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RAPID: Collabortive Research: What Makes Lay/Expert Collaborations Succeed?

Introduction This project lays the foundations for a causal analysis of lay/expert collaborative research or citizen science. While the potential of such collaborations to advance knowledge and societal well-being are well known, little is known about what makes them succeed or fail. The PIs propose to bridge this gap by adopting a new approach that goes beyond traditional observational studies. The PIs propose to use mixed methods and an innovative parallel-study design. They will demonstrate the effectiveness of their approach by examining the social conditions and processes that produce or forestall transformative, community-driven science in response to the current Gulf oil disaster. In addition, they plan to produce interdisciplinary and socially robust environmental knowledge about the impacts of the disaster by combining the expertise of environmental scientists, social scientists, and Vietnamese-Americans living and working in south Louisiana who bring their deep experiential knowledge of the region?s impacted ecosystems to the scientific work. Intellectual Merits The proposed study is interdisciplinary. It is designed to advance basic social studies of science while simultaneously contributing to the production of socially robust environmental science. It does so in the form of two parallel analyses. The first is a community-driven toxicological study of wetlands contamination; the second is a sociological analysis of the initiation, development, and execution of that collaborative process. Both studies address substantively important problems. The community-driven study will investigate the exposure and impacts of petroleum hydrocarbons on finfish species that are culturally and economically important to Vietnamese-Americans whose livelihoods rely on commercial and subsistence fishing. Working together, residents and scientists will identify and prioritize target species and biological endpoints. The findings of the study will provide sound data that form the basis for hypothesis-driven future research on the long-term ecological impacts of the disaster. The sociological study will investigate the lay/expert collaboration for insight into the causal processes that generate successful citizen science. Potential Broader Impacts The interdisciplinary knowledge produced by this study will aid in scientific efforts to investigate the social and environmental impacts of the oil disaster by capturing time-sensitive social and ecological data that can be used by other natural and social scientists. The community-driven nature of the project and contributions to knowledge production by an underrepresented social group helps ensure that the scientific knowledge will be socially meaningful to Gulf Coast residents and local governments as well state and federal agencies working to mitigate disaster impacts. The project also holds significant educational opportunities. These include opportunities for interdisciplinary exchanges between social and natural scientists, and research training opportunities for undergraduate students and adult non-scientists. The project will also enhance institutional relationships between Tulane and Washington State Universities that bridge regional and public/private divides in the academy. Finally, the proposed study has strong potential to seed an effective and sustainable community-academic network for addressing ecological and environmental health issues in south Louisiana and elsewhere.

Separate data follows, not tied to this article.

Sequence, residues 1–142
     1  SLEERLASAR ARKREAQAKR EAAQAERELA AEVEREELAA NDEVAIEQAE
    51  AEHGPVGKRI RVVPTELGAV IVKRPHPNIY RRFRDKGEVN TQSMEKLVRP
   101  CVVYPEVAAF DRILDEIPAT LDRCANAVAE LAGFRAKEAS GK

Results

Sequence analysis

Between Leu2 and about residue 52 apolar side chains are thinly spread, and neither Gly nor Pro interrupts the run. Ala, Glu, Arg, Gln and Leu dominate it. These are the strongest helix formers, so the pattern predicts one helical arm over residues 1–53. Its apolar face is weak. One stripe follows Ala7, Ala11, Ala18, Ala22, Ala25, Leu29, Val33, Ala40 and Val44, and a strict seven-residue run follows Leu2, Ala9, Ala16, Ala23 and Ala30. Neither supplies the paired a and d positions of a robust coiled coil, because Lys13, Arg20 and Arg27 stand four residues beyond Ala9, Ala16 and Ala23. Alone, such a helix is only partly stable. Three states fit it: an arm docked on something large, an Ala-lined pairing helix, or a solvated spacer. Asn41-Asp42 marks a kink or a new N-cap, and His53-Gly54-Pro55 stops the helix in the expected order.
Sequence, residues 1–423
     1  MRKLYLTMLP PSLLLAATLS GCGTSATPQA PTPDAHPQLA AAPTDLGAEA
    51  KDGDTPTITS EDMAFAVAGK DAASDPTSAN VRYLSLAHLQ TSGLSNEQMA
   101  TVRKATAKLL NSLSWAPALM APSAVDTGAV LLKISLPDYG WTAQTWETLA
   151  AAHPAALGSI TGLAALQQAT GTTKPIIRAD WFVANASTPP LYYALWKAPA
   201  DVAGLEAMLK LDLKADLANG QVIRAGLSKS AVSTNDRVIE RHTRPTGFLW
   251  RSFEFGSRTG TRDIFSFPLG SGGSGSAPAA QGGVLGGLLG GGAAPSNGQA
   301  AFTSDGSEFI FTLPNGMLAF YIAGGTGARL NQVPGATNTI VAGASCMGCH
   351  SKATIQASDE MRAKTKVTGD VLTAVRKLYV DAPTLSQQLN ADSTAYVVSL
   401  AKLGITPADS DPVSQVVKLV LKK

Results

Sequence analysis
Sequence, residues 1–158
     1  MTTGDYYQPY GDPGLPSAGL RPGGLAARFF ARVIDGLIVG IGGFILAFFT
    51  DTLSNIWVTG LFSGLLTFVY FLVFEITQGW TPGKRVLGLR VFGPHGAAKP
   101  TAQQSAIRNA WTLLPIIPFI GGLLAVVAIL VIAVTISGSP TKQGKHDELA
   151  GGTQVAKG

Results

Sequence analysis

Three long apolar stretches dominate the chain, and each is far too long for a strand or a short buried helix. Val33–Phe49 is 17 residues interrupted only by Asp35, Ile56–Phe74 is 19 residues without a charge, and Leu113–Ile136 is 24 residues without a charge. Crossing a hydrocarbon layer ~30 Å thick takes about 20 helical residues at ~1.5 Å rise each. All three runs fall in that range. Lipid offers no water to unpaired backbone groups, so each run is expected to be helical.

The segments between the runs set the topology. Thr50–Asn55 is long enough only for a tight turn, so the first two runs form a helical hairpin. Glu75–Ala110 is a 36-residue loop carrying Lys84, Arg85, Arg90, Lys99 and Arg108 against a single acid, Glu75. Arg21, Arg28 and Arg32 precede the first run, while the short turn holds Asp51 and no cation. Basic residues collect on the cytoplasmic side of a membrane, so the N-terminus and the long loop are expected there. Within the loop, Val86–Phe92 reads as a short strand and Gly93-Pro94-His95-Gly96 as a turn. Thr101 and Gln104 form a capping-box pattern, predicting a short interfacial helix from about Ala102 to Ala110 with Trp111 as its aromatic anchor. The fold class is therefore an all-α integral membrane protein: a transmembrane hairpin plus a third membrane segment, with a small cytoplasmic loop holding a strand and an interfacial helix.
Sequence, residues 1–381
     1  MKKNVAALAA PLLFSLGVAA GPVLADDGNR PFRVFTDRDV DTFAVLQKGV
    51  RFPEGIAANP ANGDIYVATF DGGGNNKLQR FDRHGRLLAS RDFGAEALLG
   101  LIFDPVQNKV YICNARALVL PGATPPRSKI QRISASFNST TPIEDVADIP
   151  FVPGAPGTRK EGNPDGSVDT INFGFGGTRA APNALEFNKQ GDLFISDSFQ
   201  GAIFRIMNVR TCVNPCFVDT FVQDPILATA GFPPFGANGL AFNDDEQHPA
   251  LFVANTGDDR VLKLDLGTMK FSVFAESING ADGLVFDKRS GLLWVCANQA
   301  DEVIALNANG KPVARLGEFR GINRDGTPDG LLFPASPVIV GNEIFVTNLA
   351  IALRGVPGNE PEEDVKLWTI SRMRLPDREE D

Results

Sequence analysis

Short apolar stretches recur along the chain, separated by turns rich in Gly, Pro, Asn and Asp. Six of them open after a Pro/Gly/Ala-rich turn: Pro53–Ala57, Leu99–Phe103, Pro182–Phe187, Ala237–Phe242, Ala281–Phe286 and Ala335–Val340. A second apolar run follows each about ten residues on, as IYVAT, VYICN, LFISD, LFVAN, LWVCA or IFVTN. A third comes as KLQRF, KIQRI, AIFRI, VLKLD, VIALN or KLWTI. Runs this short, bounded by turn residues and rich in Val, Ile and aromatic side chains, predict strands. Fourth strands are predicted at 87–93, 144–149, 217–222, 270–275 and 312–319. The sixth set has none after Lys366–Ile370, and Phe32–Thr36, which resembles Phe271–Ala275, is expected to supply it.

Project URL:

Geographic Scope: Southeast Louisiana, principally Orleans and Chalmette Parishes

Project Status: Complete -not recruiting volunteers

Participation Tasks: Site selection and/or description, Specimen/sample collection, Transcription,

Start Date: 2010-09-01

Project Contact: scott_frickel@brown.edu

Federal Government Sponsor:

NSF logo

Other Federal Government Sponsor:

Name of Nonfederal Sponsors: Mary Queen of Vietnam Community Development Corporation

Fields of Science: Disaster response, Education, Food, Health and medicine, Social science,

Intended Outcomes: Programmatic, Research development, Civic and community,